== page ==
Consumption Patterns Accelerate a New Future for Sports, Audio and Film
Theaters Bought by Streaming Players
As a result of COVID-19 fears, theaters (movie exhibitors) were forced to close. But they had a number of problems that predated this crisis.
For a long time, box office revenues have been declining as a share of total film revenue for studios. For many years, the exclusive window for exhibitors has been contracting as at-home viewing technology improved, with studios eager to push titles into home video format to get revenue from movie purchases and from pay TV widows. Even now, when DVD purchases and transactional video on demand have shrunk as revenue drivers, getting content quickly onto owned or external streaming platforms makes sense. Major studios were already using their leverage to compress exhibitor economics (see how Disney has recently handled negotiations for Star Wars) and with their own platforms they can increasingly bypass exhibitors altogether (as Netflix often tries to do). Exhibitor economics were already poor; theaters were trying to drive margin by becoming restaurants with screens. They had also largely consolidated into two players: AMC and Cineworld.
Premium Video on Demand, i.e. premiering movies at home, is not a new concept. PVOD was attempted with missteps for the release of Tower Heist in 2011, for example. But closed theaters, coupled with some of the dynamics above that have already been shrinking exhibitors' exclusive windows, have been the right motivation for select studios to make the move. The success of those PVOD titles, coupled with the challenge of making money on a sanitized theater environment (how do you eat the popcorn in your mask?), should make it very hard to reverse even once theaters open. This would mean that many more titles go direct to streaming and bypass theaters altogether.
But theaters are still valuable. For one thing, actors/directors/filmmakers still very much want to see their titles on the big screen, so much so that they request it even when working for digital studios like Amazon and Netflix. Today, the Oscars still require some theater screening time (though COVID has allowed a moratorium). Box office openings are also useful as highly predictive of total title revenue, and provide useful bargaining data when negotiating for titles to be sent to streaming platforms. Ultimately, the box office window, especially if it involves consumers lining up for a midnight show, is great marketing for a title. And today, as streaming players compete against each other but also against YouTube, TikTok and lots of other attention grabbers besides for your eyeballs, expect a consortium of studios or a pure streaming player to see the value of that experience. It is reasonable for one of those players to buy theater chains out of bankruptcy as marketing tools, allowing subscribers to attend screenings for free.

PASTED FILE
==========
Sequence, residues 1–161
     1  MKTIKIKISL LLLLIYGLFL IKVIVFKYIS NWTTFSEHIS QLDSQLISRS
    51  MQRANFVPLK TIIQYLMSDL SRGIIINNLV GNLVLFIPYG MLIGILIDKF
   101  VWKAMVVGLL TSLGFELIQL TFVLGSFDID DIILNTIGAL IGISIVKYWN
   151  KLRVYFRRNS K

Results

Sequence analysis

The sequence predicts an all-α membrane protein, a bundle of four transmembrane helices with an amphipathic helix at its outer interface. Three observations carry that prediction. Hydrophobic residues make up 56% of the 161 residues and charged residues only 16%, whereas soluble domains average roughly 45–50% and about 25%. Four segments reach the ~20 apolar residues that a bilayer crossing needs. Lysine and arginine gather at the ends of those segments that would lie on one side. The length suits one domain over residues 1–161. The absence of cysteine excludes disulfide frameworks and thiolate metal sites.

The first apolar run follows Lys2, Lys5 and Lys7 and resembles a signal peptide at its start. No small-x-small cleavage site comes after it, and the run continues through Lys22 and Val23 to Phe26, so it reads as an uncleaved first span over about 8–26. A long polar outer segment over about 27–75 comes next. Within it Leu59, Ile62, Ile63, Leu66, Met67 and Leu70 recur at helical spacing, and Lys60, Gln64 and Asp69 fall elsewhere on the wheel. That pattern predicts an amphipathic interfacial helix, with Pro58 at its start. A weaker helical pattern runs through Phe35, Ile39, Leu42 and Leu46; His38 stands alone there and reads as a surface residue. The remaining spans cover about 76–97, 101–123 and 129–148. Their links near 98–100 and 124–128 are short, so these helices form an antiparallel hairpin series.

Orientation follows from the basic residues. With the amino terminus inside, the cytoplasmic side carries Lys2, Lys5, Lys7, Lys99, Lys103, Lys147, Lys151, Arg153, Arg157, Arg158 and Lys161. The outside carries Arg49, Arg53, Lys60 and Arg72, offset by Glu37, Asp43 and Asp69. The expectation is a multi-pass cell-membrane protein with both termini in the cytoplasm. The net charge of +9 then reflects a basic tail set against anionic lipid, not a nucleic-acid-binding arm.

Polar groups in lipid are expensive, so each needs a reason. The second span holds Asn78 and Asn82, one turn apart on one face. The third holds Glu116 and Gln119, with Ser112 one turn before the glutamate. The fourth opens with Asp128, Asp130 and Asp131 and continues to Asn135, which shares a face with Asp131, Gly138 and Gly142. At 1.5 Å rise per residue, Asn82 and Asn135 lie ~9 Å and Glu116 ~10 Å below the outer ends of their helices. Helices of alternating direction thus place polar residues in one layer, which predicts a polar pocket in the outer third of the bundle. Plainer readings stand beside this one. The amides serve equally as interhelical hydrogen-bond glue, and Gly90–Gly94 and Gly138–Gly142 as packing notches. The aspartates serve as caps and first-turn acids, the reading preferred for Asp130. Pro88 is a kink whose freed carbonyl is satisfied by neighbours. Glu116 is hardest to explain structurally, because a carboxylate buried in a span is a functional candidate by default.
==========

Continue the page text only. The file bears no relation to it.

New Audio Formats Gain Favor
The transition to digital music was a very public one, and you’d be hard-pressed to find someone actively building a CD or MP3 collection today. But terrestrial radio has managed to hold on, despite an onslaught from digital music, satellite radio and podcasts. Car commuting has been key – radio still lives on in older car models, and some of us appreciate the unique experience of being pitched carpet cleaning services by a radio DJ. But new car models were already phasing out the option in favor of Bluetooth connectivity to mobile phones, and obviously rideshares change the dynamic as well. Now, COVID-19 has really accelerated things by grinding commuting to a halt for nearly half of the workforce.
The result is an open opportunity to change what we listen to. While in this window podcast consumption is down 10-20%, that is likely reflective of the fact that podcasts also tend to be consumed on commutes, and so should be a temporary depression. Spotify also saw a dent, but there is a more interesting story under these temporary impacts. Spotify is experiencing strong momentum in its free tiers, for example, an indicator of new audiences testing the format. Perhaps when commutes return (and I really mean any kind of short trips, as sustained WFH environments should depress commuting permanently), podcasts and streaming music should get much of their base back, and they will also add an entirely new audience who have just tested out on-demand audio entertainment and are now hooked.
It would make sense, then, that Spotify is so aggressively investing in podcasts with some of the big deals it has recently inked. And if we look at the movement within podcast data, fiction has seen substantial gains, perhaps highlighting that COVID has given scripted audio formats a time to shine. I expect more embrace of great audio stories across formats.